Phillips, Phoenix pull off an impressive magic trick with non-DCEU ‘Joker’ (Movie review)


n 1988, Alan Moore wrote “The Killing Joke,” imagining the Joker’s origin story outside the primary DC Comics continuity. And now director/co-writer Todd Phillips (“The Hangover” films) does the same with “Joker,” a movie set outside the DC Extended Universe that imagines the Joker’s origin story in more robust fashion than ever before seen on film. It happens to be better than anything in the DCEU so far, so it’s a shame that this is a side project, especially since it builds up Gotham and the Wayne family so effectively.

But mostly, Phillips (along with co-writer Scott Silver) uses the Joker, introduced way back in the first issue of “Batman” in 1940, to provide insight into mental illness. Phillips is armed with arguably the best actor working today, Joaquin Phoenix, who portrays a specific kind of condition: The Joker often laughs uncontrollably, even though – as he tells his state-appointed therapist — all his thoughts are negative and he has never experienced happiness (despite being nicknamed “Happy” by his mom).

Phoenix’s turn might have enough buzz behind it that he’ll become the second Oscar winner for playing the Joker – Heath Ledger won posthumously for “The Dark Knight” (2008).

Phoenix’s turn might have enough buzz behind it that he’ll become the second Oscar winner for playing the Joker – Heath Ledger won posthumously for “The Dark Knight” (2008), whereas Jack Nicholson was snubbed for “Batman” (1989). All three performances are excellent but wildly different, and Mark Hamill’s animated voice work and Cameron Monaghan’s performance on “Gotham” also deserve nods. The Joker is quite a versatile character for someone who doesn’t have a definitive backstory.

When we meet him, this universe’s Joker-to-be – named Arthur Fleck – is laughing, but Phoenix does it in such a way that it’s not far removed from crying; he walks that fine line. It kicks off a narrative that challenges us to examine what we should and shouldn’t laugh at. Phillips – often cropping tight on Arthur — makes us intimate and almost complicit with Arthur’s world.

Broadly speaking, Arthur is not a bad guy. He cares for his elderly mom, Penny (Frances Conroy). As he scrapes by with odd jobs in this Gotham beset by a garbage strike and rich-versus-poor sentiment, he’s working on his stand-up comedy career. As we see from his notebook, he’s also trying to behave in such a way that he fits in with society, something that does not come naturally.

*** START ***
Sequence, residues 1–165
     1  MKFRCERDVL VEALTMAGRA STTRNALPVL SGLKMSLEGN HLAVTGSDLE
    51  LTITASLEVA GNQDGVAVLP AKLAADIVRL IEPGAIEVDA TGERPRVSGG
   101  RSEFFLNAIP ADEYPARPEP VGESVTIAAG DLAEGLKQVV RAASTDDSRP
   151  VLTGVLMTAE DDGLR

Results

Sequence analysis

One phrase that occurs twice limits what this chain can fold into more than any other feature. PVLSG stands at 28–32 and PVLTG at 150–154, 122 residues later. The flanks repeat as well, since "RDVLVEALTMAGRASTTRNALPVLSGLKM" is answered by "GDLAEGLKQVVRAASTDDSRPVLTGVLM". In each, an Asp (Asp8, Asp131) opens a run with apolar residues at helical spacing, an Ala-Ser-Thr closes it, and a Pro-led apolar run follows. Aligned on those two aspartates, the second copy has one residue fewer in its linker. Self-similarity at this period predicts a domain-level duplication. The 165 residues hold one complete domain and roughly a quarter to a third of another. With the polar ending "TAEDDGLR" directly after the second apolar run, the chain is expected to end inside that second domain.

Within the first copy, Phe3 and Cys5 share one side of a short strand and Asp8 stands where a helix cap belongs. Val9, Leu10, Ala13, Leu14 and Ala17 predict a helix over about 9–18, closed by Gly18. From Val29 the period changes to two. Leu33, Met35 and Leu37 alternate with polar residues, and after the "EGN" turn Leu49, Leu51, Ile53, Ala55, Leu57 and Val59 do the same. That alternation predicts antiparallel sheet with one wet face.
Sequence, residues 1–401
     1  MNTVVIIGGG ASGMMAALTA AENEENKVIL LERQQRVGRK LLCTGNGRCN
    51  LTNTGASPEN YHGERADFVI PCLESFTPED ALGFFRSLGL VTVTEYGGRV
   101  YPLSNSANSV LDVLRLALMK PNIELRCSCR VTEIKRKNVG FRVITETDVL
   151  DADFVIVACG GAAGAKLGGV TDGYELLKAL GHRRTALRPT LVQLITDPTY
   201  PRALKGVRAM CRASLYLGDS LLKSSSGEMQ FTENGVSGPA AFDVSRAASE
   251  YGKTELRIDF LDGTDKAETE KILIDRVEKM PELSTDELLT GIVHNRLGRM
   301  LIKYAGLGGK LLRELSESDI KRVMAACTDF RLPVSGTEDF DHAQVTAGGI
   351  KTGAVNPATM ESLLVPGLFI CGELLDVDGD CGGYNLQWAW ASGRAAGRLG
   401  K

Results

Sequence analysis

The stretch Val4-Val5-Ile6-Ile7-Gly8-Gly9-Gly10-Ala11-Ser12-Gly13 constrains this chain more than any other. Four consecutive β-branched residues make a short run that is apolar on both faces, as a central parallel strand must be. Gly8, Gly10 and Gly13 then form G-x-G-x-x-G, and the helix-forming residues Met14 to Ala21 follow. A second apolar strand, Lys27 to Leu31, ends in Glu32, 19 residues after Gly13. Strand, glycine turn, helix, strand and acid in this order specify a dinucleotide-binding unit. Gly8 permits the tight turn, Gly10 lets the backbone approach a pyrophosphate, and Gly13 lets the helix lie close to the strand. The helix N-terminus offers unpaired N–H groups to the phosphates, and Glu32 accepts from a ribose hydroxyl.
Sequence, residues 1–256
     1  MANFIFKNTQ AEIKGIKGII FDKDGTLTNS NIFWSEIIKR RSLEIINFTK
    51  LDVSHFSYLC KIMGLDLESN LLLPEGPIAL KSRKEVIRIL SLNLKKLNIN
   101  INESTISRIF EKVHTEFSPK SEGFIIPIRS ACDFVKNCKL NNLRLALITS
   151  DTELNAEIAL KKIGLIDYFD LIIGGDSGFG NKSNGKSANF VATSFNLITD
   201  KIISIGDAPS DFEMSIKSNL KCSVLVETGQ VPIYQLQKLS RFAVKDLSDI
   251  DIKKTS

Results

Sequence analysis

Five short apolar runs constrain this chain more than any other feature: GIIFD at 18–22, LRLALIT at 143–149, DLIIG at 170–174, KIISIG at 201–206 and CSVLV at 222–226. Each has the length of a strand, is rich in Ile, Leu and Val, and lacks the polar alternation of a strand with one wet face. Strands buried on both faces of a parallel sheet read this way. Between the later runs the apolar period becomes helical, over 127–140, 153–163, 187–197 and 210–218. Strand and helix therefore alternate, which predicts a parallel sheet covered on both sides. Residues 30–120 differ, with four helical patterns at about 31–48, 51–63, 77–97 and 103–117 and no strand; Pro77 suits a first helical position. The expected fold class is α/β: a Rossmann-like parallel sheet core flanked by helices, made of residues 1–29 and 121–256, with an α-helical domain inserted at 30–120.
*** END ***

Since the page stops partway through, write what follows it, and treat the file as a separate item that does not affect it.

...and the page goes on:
Even though this world’s design – hinted at by the technology and some time-stamped pop culture – evokes the early 1980s, “Joker” feels quite timely with the political tension and the newer (in the comic lore) notion of Thomas Wayne (Brett Cullen) as a not-so-benign billionaire. Adding to the urgency is the score by Hildur Guðnadóttir; even before Arthur himself has an inkling he’ll turn bad, the dark horns and strings know it.

“Joker” uses an obvious yet effective cinematic magic trick wherein we see Arthur constantly being put upon, starting with teen gangster types who steal his Going Out of Business sign and beat him up just for fun. So we might be getting a skewed perspective. As the future Joker perhaps begins to make a mental tally of who he’d like to kill, I was making similar guesses about who might bite the bullet later in the film.

I was also thinking “I hope he doesn’t kill her” in regard to a neighbor in his rickety apartment building, Sophie (Zazie Beetz of “Deadpool 2”). She’s a small ray of light in “Joker,” and also giving a glimpse into a happier element of Gotham is Murray Franklin (Robert De Niro), a Jay Leno/Johnny Carson hybrid. Arthur dreams of performing on Franklin’s show and being loved by all.

Even when Arthur snaps, the film doesn’t revel in violence. We feel the shock and the wrongness of the murders even though we know where Arthur is coming from on most of them. “Joker” doesn’t argue that murder is right, but it shows us the thought process of a mentally ill murderer. Although this is controversial in some circles, I think it’s a legitimate topic to explore in cinematic art. I think it’s acceptable to sympathize with and understand someone while also acknowledging that their actions are unambiguously wrong.

The only disappointing thing about “Joker” is that it’s not the launch of a Phillips-led Gotham saga wherein we’d get rich origin stories for all the “Batman” rogues gallery. (There is a “Joker 2” planned, however. It might be neat to see a Joker-versus-Batman scheme entirely from the villain’s POV.)

This movie is like “The Killing Joke” not only in that it’s set outside the main timeline but also in that it has an unreliable narrator. I picked up on one of the film’s narrative tricks, but there is another I didn’t grasp. And my movie-going buddy interpreted some things differently than I did.

Still, because we’re right there with Arthur the whole way, “Joker” is easy to follow – and possibly hard to watch for some viewers, although for me its status as fiction (and even fiction compared to the “fact” of the official DCEU, where Jared Leto plays the role) softens the blow.

“Joker” is high art that uses comic-book characters to say something about mental illness, the importance of treatment and medication (and accessibility thereof), the way society approaches mental illness, and the possible consequences for dealing with it poorly.

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